Thursday, December 13, 2007

A Good Use of Our Princeton Education

Since PAWS was featured on the mtvU show Cause Effect, we’ve received lots of emails praising our dedication to animals. Of course, we’ve also met some critics. For example, today I got home from a long day of classes to read this email from “Dave”:

“I sure am glad that you are putting that high dollar Prinston [sic] education to some use. Have you ever given some thought to all of the suffering PEOPLE in this world? It is no different than the treatment of animals. Women are beaten Children are born into this world with HIV, Crack Cocaine in their system and Meth in their system. There are homeless people and people freezing in the streets. Go Girl save those chickens. Must have been the easiest choice for a project assignment!!”

It would be easy for me to dismiss this email, because we hear this argument all the time, and we think it is self-evidently wrong. Our automatic response is that eating humanely does not take any time away from your other causes, and hey, what are you doing to save the world with all your free time, anyway? By eating meat, are you able to spend more time helping people? Probably not. It often seems that the people who are the most critical of our activism are the people who have never been activists themselves, and have no desire (it would seem to me) to make the world a better place. PAWS activists, on the other hand, tend to be the exact same people who participate in a variety of other positive, progressive activities on campus. Many of us participated in the anti-torture protest last year, many of us care about enacting universal healthcare in this country, alleviating global poverty, and fighting AIDS. We are compassionate, ethical people who care about reducing suffering—no matter who is suffering.

In short, fighting for animals and fighting for people are in no way mutually exclusive. And because of global warming and health, they are actually complementary.

But let me look at this criticism a bit more seriously. While it doesn’t take any more time to be a vegetarian, Dave is actually correct: it does take time to be animal activist. When I’m out setting up demonstrations, leafleting around town, and writing blogs like these, I’m fighting for animal rights when I could be fighting for human rights.

But does that imply that I implicitly put a higher value on animal life than human life? Am I saying that I care about animals more than humans? That seems to be what Dave is accusing me of. Believe it or not, I do think that would be wrong. In general, humans are more self-conscious, more rational, and more emotionally attached to their loved ones than animals can be, so I would have no basis for saving one animal life over one human life. But I don’t think that’s what I’m doing.

Instead, I’m using my unique passion, skills and motivation to make a difference exactly where I can make the biggest difference. Other people who feel passionately about other issues should fight for those causes. In no way am I saying that animal rights is the most important cause—just that it’s my most important cause.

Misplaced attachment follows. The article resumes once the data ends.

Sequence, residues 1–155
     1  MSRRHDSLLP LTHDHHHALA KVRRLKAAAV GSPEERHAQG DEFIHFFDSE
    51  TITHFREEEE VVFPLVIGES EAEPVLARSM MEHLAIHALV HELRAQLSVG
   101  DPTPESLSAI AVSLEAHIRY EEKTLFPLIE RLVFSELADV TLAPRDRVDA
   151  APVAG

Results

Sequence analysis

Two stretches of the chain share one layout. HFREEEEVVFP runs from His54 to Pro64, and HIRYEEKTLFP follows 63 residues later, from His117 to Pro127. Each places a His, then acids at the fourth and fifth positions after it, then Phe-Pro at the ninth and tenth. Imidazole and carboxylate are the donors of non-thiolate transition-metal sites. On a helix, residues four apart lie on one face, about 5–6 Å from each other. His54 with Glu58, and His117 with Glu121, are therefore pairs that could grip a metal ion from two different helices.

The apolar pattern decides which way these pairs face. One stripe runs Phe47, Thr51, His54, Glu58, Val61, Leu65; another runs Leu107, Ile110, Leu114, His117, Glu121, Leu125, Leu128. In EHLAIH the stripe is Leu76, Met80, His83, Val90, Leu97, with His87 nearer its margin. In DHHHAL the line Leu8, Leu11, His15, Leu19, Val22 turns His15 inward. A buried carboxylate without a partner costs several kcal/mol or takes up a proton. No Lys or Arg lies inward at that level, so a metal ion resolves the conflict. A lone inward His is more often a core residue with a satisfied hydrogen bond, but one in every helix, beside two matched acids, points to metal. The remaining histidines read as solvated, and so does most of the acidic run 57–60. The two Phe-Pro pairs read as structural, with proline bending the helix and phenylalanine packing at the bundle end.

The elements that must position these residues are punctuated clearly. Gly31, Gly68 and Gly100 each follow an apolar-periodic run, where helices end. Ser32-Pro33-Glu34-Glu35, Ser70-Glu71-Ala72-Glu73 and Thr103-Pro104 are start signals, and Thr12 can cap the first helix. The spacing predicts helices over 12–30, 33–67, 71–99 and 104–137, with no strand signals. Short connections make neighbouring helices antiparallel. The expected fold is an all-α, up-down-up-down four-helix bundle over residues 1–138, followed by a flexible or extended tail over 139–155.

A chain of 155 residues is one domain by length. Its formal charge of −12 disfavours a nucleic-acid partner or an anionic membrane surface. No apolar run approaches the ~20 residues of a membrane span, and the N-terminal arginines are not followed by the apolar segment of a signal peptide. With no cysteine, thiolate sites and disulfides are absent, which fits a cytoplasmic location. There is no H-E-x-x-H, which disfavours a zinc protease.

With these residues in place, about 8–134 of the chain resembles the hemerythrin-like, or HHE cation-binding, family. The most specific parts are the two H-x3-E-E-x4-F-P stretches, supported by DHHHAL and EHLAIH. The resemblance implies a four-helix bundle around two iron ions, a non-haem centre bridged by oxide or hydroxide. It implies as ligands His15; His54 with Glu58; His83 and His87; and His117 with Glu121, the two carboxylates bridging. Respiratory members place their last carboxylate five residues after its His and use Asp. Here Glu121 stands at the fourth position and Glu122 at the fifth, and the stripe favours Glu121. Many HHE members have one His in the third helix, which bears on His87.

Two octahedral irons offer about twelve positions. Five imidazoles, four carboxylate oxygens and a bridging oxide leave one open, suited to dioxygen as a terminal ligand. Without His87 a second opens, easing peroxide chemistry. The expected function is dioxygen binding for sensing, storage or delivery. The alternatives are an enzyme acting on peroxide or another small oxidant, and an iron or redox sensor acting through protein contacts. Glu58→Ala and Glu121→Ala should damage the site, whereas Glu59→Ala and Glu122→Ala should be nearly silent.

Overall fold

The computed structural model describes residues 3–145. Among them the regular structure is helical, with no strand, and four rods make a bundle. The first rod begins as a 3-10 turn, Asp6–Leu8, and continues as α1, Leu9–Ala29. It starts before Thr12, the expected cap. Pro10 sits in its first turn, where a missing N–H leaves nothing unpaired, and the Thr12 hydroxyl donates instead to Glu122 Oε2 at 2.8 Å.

For a thought experiment, let’s say that it was possible to estimate, empirically, the magnitude and intensity of the suffering inflicted by current global problems. We could then rank world atrocities and potentially name the worst atrocity in the world right now. Now, let’s assume that global poverty towered over all the other problems in the world right now—far worse (empirically, remember) than genocide, air and water pollution, AIDS, the US healthcare system, the Iraq War, animal exploitation, and all other problems. If a ranking like this came out, should all activists stop what they are doing and switch to fighting against global poverty? Would that even be effective?

I think the answer is clearly no. We bring about the most change by fighting for what we care about. If everyone worked on one issue (or if everyone worked on “human” issues) then less positive change would occur—spreading out our efforts offers the largest marginal benefit. Everyone making the free choice to pursue her own passions will be what makes the world a better place, even if some problems are clearly worse than others.

Yes, I agree: there are many serious issues facing the world today. While crusading for animal rights won’t fix all of them, criticizing us for taking on this issue won’t solve any. At least we’re doing something.


  1. Great post, Jenny! People like "Dave" are so ignorant that they don't even realize that "animal" issues are actually similar to "human" ones. Protecting the environment, abhorring violence, etc.

  2. Well, as a reader, I'm tempted to ask why animal welfare is the most important cause for you?

    For me, it's because I think animal suffering is so much greater than most people think it is. Problems such as poverty, genocide and disease - all of them worthy of attention and redress, of course - already merit a fair amount of awareness among the educated. Unfortunately, the same cannot be said of the current situation of animals - their lives and deaths are largely undocumented, and so distant from the average human. My activism, to me, is just a way of enabling people to make an educated choice. And nothing is more pleasing than people agreeing to stop consuming meat as a better choice for animals and for humans.